GA Baker (13007), Ben Hill (13017)*, Berrien (13019)*, Bleckley (13023)*, Brantley (13025)*, Bryan (13029)*, Burke (13033)*, Camden (13039), Charlton (13049), Chatham (13051)*, Chattahoochee (13053), Emanuel (13107)*, Evans (13109)*, Irwin (13155), Jenkins (13165)*, Laurens (13175)*, Liberty (13179), Long (13183), Marion (13197), Mcintosh (13191), Pierce (13229)*, Richmond (13245)*, Screven (13251)*, Talbot (13263)*, Taylor (13269), Telfair (13271)*, Ware (13299)*, Wheeler (13309), Wilcox (13315)*
NC Beaufort (37013)*, Bladen (37017)*, Brunswick (37019), Carteret (37031), Cumberland (37051), Hoke (37093), Jones (37103)*, New Hanover (37129), Onslow (37133), Pender (37141), Robeson (37155), Sampson (37163), Scotland (37165)
SC Aiken (45003), Barnwell (45011)*, Berkeley (45015), Charleston (45019)*, Dorchester (45035)*, Hampton (45049)*, Orangeburg (45075)*
TN Coffee (47031)
* Extirpated/possibly extirpated
U.S. Distribution by Watershed Help
Watershed Region Help Watershed Name (Watershed Code)
03 Pamlico (03020104)+*, Lower Neuse (03020204)+*, White Oak River (03020301)+, New River (03020302)+, Upper Cape Fear (03030004)+, Lower Cape Fear (03030005)+, Black (03030006)+, Northeast Cape Fear (03030007)+, Lumber (03040203)+, Little Pee Dee (03040204)+, Coastal Carolina (03040208)+, Santee (03050112)+, Cooper (03050201)+, South Fork Edisto (03050204)+*, Edisto (03050205)+*, Four Hole Swamp (03050206)+*, Salkehatchie (03050207)+*, Middle Savannah (03060106)+, Brier (03060108)+*, Lower Savannah (03060109)+*, Upper Ogeechee (03060201)+*, Lower Ogeechee (03060202)+*, Canoochee (03060203)+, Ogeechee Coastal (03060204)+, Lower Oconee (03070102)+*, Lower Ocmulgee (03070104)+*, Little Ocmulgee (03070105)+, Altamaha (03070106)+, Satilla (03070201)+, Cumberland-St. Simons (03070203)+, St. Marys (03070204)+, Nassau (03070205)+, Upper St. Johns (03080101)+, Oklawaha (03080102)+, Lower St. Johns (03080103)+, Cape Canaveral (03080202)+, Kissimmee (03090101)+, Northern Okeechobee Inflow (03090102)+, Western Okeechobee Inflow (03090103)+, Big Cypress Swamp (03090204)+, Florida Southeast Coast (03090206)+, Peace (03100101)+, Myakka (03100102)+, Sarasota Bay (03100201)+, Manatee (03100202)+, Alafia (03100204)+, Hillsborough (03100205)+, Crystal-Pithlachascotee (03100207)+, Withlacoochee (03100208)+, Waccasassa (03110101)+, Econfina-Steinhatchee (03110102)+, Upper Suwannee (03110201)+, Alapaha (03110202)+, withlacoochee (03110203)+*, Lower Suwannee (03110205)+, Santa Fe (03110206)+, Apalachee Bay-St. Marks (03120001)+, Middle Chattahoochee-Walter F. George Reservoir (03130003)+, Upper Flint (03130005)+, Ichawaynochaway (03130009)+, Apalachicola (03130011)+*, Chipola (03130012)+, St. Andrew-St. Joseph Bays (03140101)+, Choctawhatchee Bay (03140102)+, Yellow (03140103)+, Blackwater (03140104)+, Pensacola Bay (03140105)+, Pea (03140202)+*, Lower Conecuh (03140304)+, Lower Coosa (03150107)+*, Cahaba (03150202)+*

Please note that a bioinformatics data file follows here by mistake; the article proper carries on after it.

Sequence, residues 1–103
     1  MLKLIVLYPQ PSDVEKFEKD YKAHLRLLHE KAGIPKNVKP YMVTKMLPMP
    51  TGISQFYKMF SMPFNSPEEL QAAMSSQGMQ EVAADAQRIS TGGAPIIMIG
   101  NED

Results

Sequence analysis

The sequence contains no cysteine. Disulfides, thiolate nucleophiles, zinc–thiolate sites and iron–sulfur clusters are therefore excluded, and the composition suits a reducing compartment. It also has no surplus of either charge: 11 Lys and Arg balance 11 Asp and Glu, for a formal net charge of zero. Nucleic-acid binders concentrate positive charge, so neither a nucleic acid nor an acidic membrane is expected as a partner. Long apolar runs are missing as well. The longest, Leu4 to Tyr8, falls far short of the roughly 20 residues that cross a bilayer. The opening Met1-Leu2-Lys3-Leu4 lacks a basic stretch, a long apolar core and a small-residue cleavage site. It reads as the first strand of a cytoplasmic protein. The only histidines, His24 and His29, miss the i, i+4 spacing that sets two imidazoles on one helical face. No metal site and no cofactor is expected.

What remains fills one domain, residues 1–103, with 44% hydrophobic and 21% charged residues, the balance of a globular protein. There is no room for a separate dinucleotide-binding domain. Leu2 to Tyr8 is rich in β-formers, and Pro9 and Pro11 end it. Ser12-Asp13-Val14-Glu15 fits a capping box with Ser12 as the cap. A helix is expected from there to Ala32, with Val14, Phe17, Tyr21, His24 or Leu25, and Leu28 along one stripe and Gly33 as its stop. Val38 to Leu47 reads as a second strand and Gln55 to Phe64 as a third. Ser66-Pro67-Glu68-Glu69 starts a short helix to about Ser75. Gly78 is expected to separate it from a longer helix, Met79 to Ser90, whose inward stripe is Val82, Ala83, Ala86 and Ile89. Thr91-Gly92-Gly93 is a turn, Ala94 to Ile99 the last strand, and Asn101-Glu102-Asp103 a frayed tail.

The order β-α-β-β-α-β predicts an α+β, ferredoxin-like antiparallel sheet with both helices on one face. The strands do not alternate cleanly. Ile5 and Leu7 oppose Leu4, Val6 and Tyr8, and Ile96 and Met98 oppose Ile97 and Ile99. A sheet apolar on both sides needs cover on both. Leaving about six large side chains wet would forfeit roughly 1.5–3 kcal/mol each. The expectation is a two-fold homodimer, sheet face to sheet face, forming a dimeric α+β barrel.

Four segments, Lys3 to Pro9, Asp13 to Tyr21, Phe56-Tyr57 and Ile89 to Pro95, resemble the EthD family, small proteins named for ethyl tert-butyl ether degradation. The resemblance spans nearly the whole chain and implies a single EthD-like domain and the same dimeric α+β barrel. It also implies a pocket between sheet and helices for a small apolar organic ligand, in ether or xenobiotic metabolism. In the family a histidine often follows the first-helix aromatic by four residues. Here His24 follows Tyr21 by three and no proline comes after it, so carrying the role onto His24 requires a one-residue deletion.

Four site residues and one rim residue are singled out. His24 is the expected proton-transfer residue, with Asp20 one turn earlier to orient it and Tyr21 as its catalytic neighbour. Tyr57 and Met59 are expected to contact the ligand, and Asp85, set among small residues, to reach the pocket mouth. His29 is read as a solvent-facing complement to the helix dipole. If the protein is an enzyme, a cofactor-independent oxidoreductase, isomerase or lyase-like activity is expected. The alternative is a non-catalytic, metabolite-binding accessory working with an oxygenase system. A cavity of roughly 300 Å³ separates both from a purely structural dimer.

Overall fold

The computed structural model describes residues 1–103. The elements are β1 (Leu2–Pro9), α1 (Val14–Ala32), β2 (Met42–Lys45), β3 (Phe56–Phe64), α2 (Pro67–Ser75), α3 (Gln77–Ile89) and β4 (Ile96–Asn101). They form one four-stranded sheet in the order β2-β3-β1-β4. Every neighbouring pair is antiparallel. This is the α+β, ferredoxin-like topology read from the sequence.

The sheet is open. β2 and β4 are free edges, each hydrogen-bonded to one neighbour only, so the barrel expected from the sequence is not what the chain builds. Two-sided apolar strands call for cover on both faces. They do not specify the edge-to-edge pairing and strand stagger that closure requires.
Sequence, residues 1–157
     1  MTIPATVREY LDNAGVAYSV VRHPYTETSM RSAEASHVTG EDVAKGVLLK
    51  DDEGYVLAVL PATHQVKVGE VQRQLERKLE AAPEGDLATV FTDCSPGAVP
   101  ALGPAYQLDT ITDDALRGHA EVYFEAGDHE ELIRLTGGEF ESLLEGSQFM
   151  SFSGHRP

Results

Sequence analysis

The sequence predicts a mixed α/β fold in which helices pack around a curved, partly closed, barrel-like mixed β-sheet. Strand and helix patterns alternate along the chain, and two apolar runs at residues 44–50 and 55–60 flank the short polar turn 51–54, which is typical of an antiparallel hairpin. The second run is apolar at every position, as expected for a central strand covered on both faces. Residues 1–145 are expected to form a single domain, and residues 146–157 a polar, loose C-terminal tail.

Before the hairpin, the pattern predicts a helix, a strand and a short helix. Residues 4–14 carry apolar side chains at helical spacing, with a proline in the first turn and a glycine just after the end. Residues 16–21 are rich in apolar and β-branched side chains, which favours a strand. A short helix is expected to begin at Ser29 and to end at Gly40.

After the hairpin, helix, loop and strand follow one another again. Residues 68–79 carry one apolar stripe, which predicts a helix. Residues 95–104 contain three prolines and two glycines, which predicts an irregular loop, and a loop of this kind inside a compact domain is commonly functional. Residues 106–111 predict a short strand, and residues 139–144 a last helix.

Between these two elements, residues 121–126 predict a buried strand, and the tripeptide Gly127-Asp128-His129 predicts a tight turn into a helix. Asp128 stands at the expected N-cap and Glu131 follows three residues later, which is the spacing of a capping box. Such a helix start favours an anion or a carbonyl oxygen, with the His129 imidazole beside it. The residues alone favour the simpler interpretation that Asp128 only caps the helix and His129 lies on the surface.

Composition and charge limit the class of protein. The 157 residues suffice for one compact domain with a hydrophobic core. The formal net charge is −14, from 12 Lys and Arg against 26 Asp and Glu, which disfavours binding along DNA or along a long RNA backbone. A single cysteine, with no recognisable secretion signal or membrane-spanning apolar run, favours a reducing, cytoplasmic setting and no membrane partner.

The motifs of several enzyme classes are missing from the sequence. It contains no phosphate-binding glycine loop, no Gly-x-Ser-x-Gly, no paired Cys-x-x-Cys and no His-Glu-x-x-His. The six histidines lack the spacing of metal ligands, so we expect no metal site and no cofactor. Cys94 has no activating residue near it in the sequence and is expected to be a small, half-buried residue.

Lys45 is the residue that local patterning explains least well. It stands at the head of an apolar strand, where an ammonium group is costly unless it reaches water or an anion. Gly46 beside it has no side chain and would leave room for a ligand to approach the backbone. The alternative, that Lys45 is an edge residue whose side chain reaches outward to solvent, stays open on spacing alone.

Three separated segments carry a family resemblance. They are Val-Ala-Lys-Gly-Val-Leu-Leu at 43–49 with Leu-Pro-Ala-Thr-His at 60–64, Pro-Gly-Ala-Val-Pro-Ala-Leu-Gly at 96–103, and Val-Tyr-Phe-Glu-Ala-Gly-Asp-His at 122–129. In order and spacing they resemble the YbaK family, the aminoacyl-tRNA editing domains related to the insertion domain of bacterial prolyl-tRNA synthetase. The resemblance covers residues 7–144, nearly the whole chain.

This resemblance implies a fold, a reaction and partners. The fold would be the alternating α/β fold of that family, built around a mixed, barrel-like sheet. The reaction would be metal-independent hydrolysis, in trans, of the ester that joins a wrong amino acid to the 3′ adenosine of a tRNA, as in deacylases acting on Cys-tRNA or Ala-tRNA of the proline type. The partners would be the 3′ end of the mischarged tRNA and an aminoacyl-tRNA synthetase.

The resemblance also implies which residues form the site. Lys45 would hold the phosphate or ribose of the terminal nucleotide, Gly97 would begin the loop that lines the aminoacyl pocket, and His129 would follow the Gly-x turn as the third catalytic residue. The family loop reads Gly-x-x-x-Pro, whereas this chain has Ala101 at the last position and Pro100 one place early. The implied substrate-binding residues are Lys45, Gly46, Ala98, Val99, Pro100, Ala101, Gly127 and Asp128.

06 Upper Duck (06040002)+
+ Natural heritage record(s) exist for this watershed
* Extirpated/possibly extirpated
Ecology & Life History
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Basic Description: A stocky frog with a usual adult snout-vent length of about 6-9 cm.
General Description: A stubby frog with short limbs, a large head, and dorsolateral ridges; adults generally are 6-9 cm in snout-vent length (maximum 112 mm) (Conant and Collins 1991). Mass is 47-151 grams (adult male and gravid female, respectively; Palis, unpubl. data). The skin ranges in texture from smooth to warty, and from creamy-white to gray or brown in color. The dorsum and sides are dotted with dark brown or black spots and blotches of various sizes and shapes. The venter is white, cream, or yellowish, and typically is spotted or mottled with dark pigment.

The egg mass is a fist-sized glob, oval to nearly circular in shape. Eggs of gopher frogs and leopard frogs can be distinguished by size (1.44-1.76 mm in diameter in leopard frogs, 1.67-2.7 mm in diameter in gopher frogs; Volpe 1958), and color (leopard frog eggs are dark black, whereas those of gopher frogs are gray to gray-black). Fully expanded gopher frog egg masses are typically larger than those of the leopard frog (pers. obs.).

Gopher frog tadpoles are yellowish-green to olive-green or gray with scattered, relatively large, diffuse black spots on the upper body, tail musculature, and fin. They attain a length of 84 mm before transformation (Wright and Wright 1933). Transforming tadpoles in North Carolina routinely exceed 90 mm in length (A. Braswell, pers. comm.).

The call is a loud snore that lasts up to two seconds and carries nearly 0.4 km (Wright and Wright 1933). However, gopher frogs may also call while submerged beneath the water's surface, which significantly mutes the call (Jensen et al. 1995). The only other species within the range of the gopher frog that have similar calls are the river frog (RANA HECKSCHERI) and pickerel frog (RANA PALUSTRIS). The river frog, however, breeds in blackwater streams and lakes (K. Dodd, pers. comm.) during the summer months (P. Moler, pers. comm.). Pickerel frogs are not known to breed in the same ponds as gopher frogs (A. Braswell, pers. comm.).

Diagnostic Characteristics: Differs from RANA AREOLATA by the mainly pigmented venter and the absence of light borders around the dark dorsal spots (if present). Differs from RANA HECKSCHERI in lacking white spots on the lips. (Conant and Collins 1991).